Report: Colo. oil and gas industry has spent more than $1 million lobbying this year

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DENVER -- In a legislative session defined by an ambitious Democratic agenda, one industry had remarkable success staving off a bevy of Democratic bills that sought to tighten restrictions and regulations on their operations.

That, of course, is Colorado's oil and gas industry, which has already spent $1.06 million lobbying Colorado elected officials since July, according to a new report released Friday.

"While it is not surprising that the oil and gas industry is a big lobbying player in Colorado politics, the level of their influence at all levels of government, including elected officials and regulating bodies themselves, is shocking," said Luis Toro, director of Colorado Ethics Watch, which conducted the report.

"In a year that saw historic policy changes in several arenas, the oil and gas industry was remarkable in its ability to protect itself from significant legislative change."

Just as an industry lobbyist predicted in a client memo accidentally sent to lawmakers at the session's outset, most environmentally-driven bills were blocked in the Senate, where three Democrats who are friendly to the industry helped Gov. John Hickenlooper, a former geologist, stop the legislation he and the industry opposed.

House Bill 1269, which sought to prevent conflicts of interest for industry representatives serving on the state's Oil and Gas Conservation Commission, died in the Senate; so did House Bill 1316, which would have forced oil and gas outfits in the Greater Wattenburg Area, where a quarter of the state's oil and gas development is concentrated, abide by the same water monitoring requirements as the rest of the state.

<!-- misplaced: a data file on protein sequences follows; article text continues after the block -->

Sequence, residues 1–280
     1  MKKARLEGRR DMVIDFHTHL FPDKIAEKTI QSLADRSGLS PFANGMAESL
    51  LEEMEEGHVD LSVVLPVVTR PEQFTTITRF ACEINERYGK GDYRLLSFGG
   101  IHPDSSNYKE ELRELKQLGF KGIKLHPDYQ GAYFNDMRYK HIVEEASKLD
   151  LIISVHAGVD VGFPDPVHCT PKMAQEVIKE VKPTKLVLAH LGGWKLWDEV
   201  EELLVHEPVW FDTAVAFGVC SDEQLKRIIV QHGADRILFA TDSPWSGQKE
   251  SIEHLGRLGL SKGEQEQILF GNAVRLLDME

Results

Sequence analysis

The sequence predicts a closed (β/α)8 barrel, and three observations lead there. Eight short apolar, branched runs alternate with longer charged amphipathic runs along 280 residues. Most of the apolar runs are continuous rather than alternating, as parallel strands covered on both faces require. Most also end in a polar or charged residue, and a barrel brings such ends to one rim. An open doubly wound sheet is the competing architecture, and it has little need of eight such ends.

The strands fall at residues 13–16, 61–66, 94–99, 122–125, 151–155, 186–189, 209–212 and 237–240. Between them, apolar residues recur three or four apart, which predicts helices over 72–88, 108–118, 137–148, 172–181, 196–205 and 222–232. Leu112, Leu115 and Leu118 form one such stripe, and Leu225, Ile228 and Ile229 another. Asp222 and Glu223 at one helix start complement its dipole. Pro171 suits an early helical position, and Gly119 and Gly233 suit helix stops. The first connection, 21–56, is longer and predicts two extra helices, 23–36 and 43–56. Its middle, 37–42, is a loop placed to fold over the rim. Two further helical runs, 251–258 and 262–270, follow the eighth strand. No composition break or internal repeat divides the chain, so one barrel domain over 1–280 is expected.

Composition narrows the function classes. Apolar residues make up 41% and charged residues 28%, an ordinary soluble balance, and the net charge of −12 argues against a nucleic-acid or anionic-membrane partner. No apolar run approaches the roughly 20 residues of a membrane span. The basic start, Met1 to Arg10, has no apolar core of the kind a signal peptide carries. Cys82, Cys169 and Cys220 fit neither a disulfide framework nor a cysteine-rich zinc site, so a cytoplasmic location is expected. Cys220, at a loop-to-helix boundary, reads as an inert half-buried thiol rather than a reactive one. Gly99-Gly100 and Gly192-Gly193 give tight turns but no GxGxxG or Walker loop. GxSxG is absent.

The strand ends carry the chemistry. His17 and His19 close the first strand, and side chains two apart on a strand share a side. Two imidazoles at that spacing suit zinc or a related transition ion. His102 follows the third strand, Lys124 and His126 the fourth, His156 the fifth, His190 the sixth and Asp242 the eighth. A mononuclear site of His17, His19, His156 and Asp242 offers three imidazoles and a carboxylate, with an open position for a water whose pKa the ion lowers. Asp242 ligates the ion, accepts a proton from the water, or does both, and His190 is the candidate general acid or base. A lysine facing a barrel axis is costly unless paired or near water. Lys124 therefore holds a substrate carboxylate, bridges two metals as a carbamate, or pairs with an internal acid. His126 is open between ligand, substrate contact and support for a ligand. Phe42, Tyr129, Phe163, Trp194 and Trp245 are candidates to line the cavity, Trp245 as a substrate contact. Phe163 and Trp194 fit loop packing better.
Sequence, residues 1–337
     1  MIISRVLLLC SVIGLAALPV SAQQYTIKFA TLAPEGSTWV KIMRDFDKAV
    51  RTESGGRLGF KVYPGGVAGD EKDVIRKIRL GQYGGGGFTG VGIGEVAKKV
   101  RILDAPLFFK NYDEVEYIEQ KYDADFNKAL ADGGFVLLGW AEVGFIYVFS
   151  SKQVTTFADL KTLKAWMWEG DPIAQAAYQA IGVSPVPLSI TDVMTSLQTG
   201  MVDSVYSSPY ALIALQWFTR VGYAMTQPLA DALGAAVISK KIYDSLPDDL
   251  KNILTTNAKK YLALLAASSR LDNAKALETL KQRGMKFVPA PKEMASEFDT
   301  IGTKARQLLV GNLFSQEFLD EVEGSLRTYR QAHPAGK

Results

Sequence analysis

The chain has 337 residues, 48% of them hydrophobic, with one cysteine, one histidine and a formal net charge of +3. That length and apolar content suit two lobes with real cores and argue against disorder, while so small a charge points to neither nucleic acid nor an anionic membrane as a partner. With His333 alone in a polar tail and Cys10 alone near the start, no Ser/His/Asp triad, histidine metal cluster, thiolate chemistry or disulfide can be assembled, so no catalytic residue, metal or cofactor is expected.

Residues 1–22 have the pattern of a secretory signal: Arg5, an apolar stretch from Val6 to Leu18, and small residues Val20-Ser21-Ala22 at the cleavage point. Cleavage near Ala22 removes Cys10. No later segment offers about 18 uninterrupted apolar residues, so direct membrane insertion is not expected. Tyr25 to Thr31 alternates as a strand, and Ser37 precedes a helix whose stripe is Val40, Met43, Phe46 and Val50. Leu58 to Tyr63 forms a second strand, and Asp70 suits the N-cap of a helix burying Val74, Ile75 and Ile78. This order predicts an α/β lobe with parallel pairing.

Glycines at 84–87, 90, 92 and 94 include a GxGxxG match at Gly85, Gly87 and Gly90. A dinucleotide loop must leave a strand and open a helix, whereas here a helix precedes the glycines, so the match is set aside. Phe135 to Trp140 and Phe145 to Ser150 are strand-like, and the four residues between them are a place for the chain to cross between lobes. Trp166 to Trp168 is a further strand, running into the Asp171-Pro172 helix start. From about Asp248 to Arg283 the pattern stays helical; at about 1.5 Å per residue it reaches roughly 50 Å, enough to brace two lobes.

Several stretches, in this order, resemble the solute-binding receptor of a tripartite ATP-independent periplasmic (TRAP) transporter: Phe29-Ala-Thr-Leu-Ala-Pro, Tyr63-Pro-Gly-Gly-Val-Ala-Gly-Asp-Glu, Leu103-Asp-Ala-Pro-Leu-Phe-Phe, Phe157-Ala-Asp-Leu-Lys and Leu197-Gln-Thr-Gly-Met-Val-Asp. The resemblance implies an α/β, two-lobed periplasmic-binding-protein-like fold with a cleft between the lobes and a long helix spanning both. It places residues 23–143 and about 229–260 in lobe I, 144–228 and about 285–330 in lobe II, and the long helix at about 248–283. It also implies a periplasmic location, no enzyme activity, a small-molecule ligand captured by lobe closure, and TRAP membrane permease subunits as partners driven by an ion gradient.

And the biggest meltdown came over House Bill 1267, which would have increased the state's fines for oil and gas spills, which, at $1,000 a day now, are currently the lowest in the country.

"In contrast, industry-friendly Texas allows fines ten times larger," the report notes.

Hickenlooper and the industry were open to raising fines to a possible maximum of $15,000 a day, but they balked at another part of the bill, a mandatory minimum $5,000 daily fines, which was stripped from the bill in the Senate.

When the bill's sponsors weren't able to put the mandatory minimum back in the bill on the session's final day, they opted to let the bill die on the calendar rather than allow Hickenlooper to sign a bill that "looks like it’s doing something but really isn’t."

According to the report, oil and gas companies and their employees contributed more than $800,000 to political action committees and 527 groups during the 2010 and 2012 election cycles, spreading the donations to Democrats and Republicans alike.

And in the last four years, the industry has spent roughly $4.7 million on lobbying Colorado lawmakers, the most of any industry but health care.

According to the report, the companies that spent the most money lobbying lawmakers happen to be the ones with the worst track record when it comes to spills.

Four companies responsible for 92% of the spills that impacted Colorado groundwater in 2012 spent $455,000 on lobbying in the 2013 fiscal year that ends in July.

"These companies evidently believe that their political spending benefits shareholders, and the weakness of Colorado’s enforcement provides proof that those investments are sound," the report concludes.

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